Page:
# Cost Variance Is The Difference Between

tl;dr
Cost variance is the difference between planned and actual costs, which is used to measure the financial performance of a project and make necessary adjustments.

Planned and Actual Costs

Cost variance (CV) is a project management metric that measures the difference between planned and actual costs. It is an important factor in determining the financial performance of a project, and can be used to monitor project progress and make necessary adjustments. Essentially, cost variance tells you whether your project is under budget, on budget, or over budget.

To understand cost variance, it is important to first understand the concepts of planned and actual costs. Planned costs are the estimated costs for a project, typically derived from a budget. They are the costs that you expect to incur and are based on projections, assumptions and estimations. Actual costs, on the other hand, are the actual amount spent on a project. This includes all the actual expenses incurred during the course of the project, such as salaries, equipment, materials, travel expenses, etc.

Calculating Cost Variance

Cost variance can be calculated by subtracting the actual costs from the planned costs. The formula for calculating cost variance is as follows:

CV = Earned Value (EV) – Actual Cost (AC)

Earned value is the value of the completed work at any given point in time, and is typically tracked against project milestones. Actual cost, as mentioned earlier, is the actual cost incurred up to the same point in time. A positive CV indicates that the project is under budget, while a negative CV indicates that the project is over budget.

Understanding Cost Variance Analysis

In order to gain better insights into how cost variance may impact project performance, cost variance analysis can be used. This involves breaking down the cost variance into its key components, namely:

• Schedule Variance (SV): The difference between the earned value and the planned value (EV – PV). SV indicates whether the project is ahead of or behind schedule.

• Cost Performance Index (CPI): The ratio of the earned value to the actual cost (EV / AC). CPI indicates whether the project is under or over budget.

By examining these components of cost variance, a more detailed picture of the project’s financial performance can be obtained. For example, a positive SV indicates that the project is ahead of schedule, while a CPI of less than 1 indicates that the project is over budget.

How Cost Variance Affects Projects

Cost variance can have significant implications for project management, and can impact the success or failure of a project. A positive CV is desirable, as it indicates that the project is under budget. This means that the project team has been able to complete work for less than what was budgeted, and that the project is delivering value efficiently.

A negative CV, however, is a cause for concern. This means that the project is over budget, indicating that there may have been poor cost estimation or that corrective actions may be required. A negative CV can also indicate that the project is failing to deliver value efficiently, which can impact stakeholder satisfaction and overall project success.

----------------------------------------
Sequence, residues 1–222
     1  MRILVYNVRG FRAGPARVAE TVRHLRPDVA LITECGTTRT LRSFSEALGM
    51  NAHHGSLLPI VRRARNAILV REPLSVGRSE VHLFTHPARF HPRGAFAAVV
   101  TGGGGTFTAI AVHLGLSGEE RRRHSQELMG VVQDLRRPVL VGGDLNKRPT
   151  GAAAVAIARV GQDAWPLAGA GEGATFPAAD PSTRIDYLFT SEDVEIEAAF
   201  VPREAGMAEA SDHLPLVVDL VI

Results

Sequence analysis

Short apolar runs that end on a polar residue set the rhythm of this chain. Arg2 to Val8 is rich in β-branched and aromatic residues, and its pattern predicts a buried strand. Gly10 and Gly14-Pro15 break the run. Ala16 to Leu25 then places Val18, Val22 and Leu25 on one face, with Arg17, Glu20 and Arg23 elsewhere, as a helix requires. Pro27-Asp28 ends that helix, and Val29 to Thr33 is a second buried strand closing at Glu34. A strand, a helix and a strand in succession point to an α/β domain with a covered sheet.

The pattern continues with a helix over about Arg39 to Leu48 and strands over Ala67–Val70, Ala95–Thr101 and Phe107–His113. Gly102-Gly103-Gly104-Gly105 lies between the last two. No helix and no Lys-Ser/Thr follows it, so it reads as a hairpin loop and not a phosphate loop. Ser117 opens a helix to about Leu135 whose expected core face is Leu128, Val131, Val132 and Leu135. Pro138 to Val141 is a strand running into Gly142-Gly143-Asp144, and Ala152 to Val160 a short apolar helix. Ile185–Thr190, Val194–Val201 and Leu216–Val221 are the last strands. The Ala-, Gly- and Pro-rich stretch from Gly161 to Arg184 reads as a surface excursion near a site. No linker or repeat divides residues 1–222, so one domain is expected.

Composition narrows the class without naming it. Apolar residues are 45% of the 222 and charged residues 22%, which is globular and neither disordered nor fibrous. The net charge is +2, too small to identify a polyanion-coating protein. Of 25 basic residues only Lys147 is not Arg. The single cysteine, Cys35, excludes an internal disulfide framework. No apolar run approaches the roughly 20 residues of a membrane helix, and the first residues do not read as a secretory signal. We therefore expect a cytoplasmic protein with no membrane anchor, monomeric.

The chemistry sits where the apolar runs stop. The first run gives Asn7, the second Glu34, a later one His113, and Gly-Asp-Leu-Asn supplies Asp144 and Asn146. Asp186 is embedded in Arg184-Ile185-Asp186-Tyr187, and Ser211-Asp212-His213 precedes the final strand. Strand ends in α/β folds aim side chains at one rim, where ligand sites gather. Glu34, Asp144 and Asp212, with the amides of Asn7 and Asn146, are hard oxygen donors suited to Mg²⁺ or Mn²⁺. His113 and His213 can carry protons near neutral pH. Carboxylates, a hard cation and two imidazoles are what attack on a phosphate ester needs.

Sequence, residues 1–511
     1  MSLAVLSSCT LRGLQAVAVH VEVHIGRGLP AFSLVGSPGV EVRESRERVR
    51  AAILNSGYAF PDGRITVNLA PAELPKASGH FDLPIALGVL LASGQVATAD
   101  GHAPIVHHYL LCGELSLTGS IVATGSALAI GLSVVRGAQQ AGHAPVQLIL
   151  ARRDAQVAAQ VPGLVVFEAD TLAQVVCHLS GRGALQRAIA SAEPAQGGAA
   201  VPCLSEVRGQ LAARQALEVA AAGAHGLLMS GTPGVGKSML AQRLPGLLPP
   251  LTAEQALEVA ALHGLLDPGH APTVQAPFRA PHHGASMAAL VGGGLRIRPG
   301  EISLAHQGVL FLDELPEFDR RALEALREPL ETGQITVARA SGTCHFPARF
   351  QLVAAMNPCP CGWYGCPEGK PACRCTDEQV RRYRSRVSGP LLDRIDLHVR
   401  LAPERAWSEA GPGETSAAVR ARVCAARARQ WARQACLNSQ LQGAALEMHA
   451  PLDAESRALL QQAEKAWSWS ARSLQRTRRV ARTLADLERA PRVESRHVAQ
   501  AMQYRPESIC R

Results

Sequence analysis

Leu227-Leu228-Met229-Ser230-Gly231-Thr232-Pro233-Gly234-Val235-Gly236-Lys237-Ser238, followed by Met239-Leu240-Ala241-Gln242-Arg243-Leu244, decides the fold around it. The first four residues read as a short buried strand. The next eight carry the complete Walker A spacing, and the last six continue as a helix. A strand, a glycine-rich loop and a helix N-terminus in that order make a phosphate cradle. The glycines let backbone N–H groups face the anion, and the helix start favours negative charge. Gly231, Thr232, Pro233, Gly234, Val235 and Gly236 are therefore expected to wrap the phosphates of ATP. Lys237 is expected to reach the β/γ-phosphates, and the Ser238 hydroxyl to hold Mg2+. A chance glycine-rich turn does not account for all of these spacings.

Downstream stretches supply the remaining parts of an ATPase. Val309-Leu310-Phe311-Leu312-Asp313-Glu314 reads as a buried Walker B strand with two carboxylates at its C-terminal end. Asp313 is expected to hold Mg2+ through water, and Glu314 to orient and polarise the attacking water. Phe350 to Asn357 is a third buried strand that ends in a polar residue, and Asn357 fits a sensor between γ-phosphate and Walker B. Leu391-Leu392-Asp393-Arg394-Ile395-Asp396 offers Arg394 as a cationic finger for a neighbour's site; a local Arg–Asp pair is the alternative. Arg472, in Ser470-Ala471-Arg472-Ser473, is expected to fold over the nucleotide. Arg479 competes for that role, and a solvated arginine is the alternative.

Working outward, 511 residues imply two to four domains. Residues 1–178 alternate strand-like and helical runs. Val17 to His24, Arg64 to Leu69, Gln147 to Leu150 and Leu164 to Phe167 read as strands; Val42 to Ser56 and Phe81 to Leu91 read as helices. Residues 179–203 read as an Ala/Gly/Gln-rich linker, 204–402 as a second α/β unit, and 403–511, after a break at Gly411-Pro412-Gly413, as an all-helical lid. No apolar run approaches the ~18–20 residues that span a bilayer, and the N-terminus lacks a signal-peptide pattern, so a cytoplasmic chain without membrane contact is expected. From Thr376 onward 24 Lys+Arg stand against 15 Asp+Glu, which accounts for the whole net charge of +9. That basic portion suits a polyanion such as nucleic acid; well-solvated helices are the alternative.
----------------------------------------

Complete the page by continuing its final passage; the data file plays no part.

In addition to its impact on project success, cost variance can also impact stakeholder relations. Any variances in cost can affect the expectations of stakeholders and may cause mistrust, loss of confidence, and decreased support. This can lead to increased risk of project failure, further delays, or even abandonment.

Effective Cost Management Strategies

Effective cost management strategies can help minimize cost variance and improve project success rates. Here are a few key strategies:

• Accurate estimation: Proper estimation of projected costs can minimize the risk of underestimation leading to cost overruns.

• Cost control: Implementing a project cost control plan can help to monitor and manage costs effectively.

• Risk management: Identifying and mitigating risks before they occur can prevent cost overruns attributed to unexpected events.

• Earned Value Management (EVM): EVM is a project management tool that enables tracking of project performance against cost, schedule, and scope, thereby providing an opportunity to promptly identify variances and act accordingly.

Conclusion

The cost variance metric plays a crucial role in project management, enabling you to compare planned costs with actual expenditure. Through effective cost management strategies and cost variance analysis, project managers can identify potential risks, minimize cost overruns, and ensure project success. Accurate planning and tracking of costs are essential to avoid negative CV and maintain stakeholder support. Successful projects require commitment and diligence in cost management, as cost variance is an indicator of whether the project is delivering value efficiently or not.